The Rays Rotation Needs a Lift, and Scott Baker Could Provide It

By Robbie Knopf

The Tampa Bay Rays’ rotation is going to get better as the year progresses. Alex Cobb and Jeremy Hellickson will return from injury, and the Rays’ starting staff should regain its place among the best in baseball. But right now, the starting five they have is not doing the job. Erik Bedard has been a disaster, Jake Odorizzi has not lived up to expectations, and Cesar Ramos‘ success could evaporate at any time. The Rays need to find another starting pitcher, and they have to do so immediately. Maybe the answer is in the minor leagues–Mike Montgomery and Matt Andriese could both be options. The Rays’ best choice, however, could be Scott Baker.

From 2008 to 2011, Scott Baker was solid pitcher for the Minnesota Twins, averaging a 12-7 record with a 3.92 ERA, a 7.6 K/9, a 2.2 BB/9, and a 1.1 HR/9 in 169 innings per season. Before he knew it, though, everything had fallen apart. Two DL stints in 2011 was followed by Tommy John Surgery on 4/17/12, and it was not until September of 2013 that Baker finally returned to the major leagues. Even then, though, it looked like he might never be the same pitcher. In his first 11 starts back between the minors and majors, Baker managed just a 4.4 K/9, a 2.8 BB/9, and a 1.8 HR/9. Ineffectiveness was expected after Tommy John Surgery, but no one expected Baker to stop overpowering hitters entirely. Suddenly his average fastball velocity had dipped below 90 MPH and his slider was not fooling anyone. Baker settled for a minor league contract with the Seattle Mariners and could not even make their roster out of spring training. But at the Texas Rangers’ Triple-A Round Rock affiliate, he has regained the form that made him an above-average major league pitcher.

In five Triple-A starts, Baker has a 2.81 ERA, a 7.3 K/9, a 2.3 BB/9, and a 1.1 HR/9 in 32 innings pitched. Those three ratios are about as close as you can get to Baker’s numbers at his peak. Baker’s fastball was not quite back to normal in spring training–he still averaged under 90 MPH–but his feel for his slider is back and he is integrating more changeups into his pitch selection. Baker may never can get to his Minnesota level of play, but he has shown enough to get another big league chance.  The timing could not be better because Baker has a May 1st opt-out and several teams will be interested in his services. The Rays should be among them.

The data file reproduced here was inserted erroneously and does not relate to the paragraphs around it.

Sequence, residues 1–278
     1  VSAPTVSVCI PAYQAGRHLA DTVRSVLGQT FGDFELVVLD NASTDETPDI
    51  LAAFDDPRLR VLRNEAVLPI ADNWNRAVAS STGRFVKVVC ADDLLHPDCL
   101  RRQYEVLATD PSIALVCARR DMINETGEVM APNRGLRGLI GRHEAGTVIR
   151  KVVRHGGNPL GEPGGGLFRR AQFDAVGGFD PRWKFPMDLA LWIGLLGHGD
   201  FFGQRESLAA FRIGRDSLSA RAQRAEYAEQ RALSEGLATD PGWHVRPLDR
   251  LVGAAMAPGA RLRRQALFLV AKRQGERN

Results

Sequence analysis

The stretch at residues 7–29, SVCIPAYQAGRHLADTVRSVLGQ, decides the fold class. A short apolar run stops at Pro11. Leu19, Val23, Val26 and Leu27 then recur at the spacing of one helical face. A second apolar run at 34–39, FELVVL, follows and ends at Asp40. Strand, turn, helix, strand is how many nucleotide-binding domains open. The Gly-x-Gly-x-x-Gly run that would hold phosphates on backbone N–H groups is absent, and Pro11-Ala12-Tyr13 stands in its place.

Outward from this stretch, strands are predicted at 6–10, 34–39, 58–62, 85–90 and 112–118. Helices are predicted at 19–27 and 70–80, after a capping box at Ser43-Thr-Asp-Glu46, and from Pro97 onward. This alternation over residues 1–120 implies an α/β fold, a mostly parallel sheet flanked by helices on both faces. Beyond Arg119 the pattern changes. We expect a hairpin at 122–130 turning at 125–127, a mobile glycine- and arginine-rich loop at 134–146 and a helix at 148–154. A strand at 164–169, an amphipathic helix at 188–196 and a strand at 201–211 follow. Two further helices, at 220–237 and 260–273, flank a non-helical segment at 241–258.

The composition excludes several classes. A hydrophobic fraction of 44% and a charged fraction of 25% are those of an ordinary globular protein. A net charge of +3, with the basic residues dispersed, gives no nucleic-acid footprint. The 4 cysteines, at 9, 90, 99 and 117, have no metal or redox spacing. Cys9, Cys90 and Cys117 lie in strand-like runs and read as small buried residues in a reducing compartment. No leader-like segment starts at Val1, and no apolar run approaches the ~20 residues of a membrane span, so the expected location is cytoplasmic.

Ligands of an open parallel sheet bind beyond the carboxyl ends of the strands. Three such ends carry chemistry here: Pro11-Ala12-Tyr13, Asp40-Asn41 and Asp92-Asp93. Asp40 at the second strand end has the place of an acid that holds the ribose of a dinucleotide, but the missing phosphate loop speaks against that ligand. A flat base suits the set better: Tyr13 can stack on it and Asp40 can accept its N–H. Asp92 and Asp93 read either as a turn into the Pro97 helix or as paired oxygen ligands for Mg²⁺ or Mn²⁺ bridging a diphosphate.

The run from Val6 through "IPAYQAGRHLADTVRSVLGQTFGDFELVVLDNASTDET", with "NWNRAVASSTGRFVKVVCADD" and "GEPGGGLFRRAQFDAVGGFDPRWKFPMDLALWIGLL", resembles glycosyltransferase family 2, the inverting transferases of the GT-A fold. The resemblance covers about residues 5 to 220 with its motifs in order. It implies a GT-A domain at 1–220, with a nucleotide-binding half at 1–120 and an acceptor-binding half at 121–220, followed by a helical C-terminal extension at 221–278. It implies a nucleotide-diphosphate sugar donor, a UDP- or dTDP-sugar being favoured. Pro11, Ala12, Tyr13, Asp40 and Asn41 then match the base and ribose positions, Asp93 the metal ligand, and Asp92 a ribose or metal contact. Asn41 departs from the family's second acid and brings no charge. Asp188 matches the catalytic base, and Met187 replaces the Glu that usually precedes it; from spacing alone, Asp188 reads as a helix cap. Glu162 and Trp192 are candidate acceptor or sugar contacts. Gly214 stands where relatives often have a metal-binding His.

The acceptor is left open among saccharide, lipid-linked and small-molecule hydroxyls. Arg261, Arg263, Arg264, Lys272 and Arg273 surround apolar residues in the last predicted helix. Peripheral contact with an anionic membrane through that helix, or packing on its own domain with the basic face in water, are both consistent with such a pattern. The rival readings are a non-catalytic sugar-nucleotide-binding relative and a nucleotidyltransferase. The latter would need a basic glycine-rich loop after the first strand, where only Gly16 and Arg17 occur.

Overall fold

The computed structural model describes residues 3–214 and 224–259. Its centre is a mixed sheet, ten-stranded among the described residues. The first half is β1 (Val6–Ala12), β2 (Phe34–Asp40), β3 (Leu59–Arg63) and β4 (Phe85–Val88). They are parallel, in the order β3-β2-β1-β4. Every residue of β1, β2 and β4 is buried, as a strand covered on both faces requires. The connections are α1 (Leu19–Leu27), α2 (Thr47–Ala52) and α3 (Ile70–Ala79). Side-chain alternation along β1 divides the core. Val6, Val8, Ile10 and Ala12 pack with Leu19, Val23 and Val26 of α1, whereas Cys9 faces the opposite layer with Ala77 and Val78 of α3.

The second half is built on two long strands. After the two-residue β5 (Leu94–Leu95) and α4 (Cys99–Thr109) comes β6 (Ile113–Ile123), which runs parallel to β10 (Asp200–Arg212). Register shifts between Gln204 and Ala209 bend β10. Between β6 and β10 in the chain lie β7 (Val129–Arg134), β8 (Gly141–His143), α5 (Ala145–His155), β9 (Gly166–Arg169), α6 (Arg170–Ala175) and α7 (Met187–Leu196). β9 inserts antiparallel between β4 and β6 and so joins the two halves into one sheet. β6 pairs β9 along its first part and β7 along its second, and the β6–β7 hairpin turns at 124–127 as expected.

How much better would Scott Baker be than Montgomery or Andriese? We cannot know for certain, but Baker is the safest bet and provides other benefits as well. Montgomery has looked very good to begin the season, but he entered the season as more of a relief prospect. Andriese, meanwhile, could be a good starter but could use more time to develop at Triple-A. Baker gives the Rays a proven major league pitcher who can give the prospects additional time to develop. He is unlikely to dominate, but he would certainly be better than Erik Bedard and is capable of eating innings at the very least. And unlike Bedard and Ramos when they were first called up, Baker is fully stretched out, already topping 100 pitches twice this season. The Rays have an open 40-man roster spot that they could give to Baker, and he could enter their rotation as soon as Bedard’s next scheduled start on May 4th. The Rays have nothing to lose signing Scott Baker, and we will have to see whether they can get a deal done.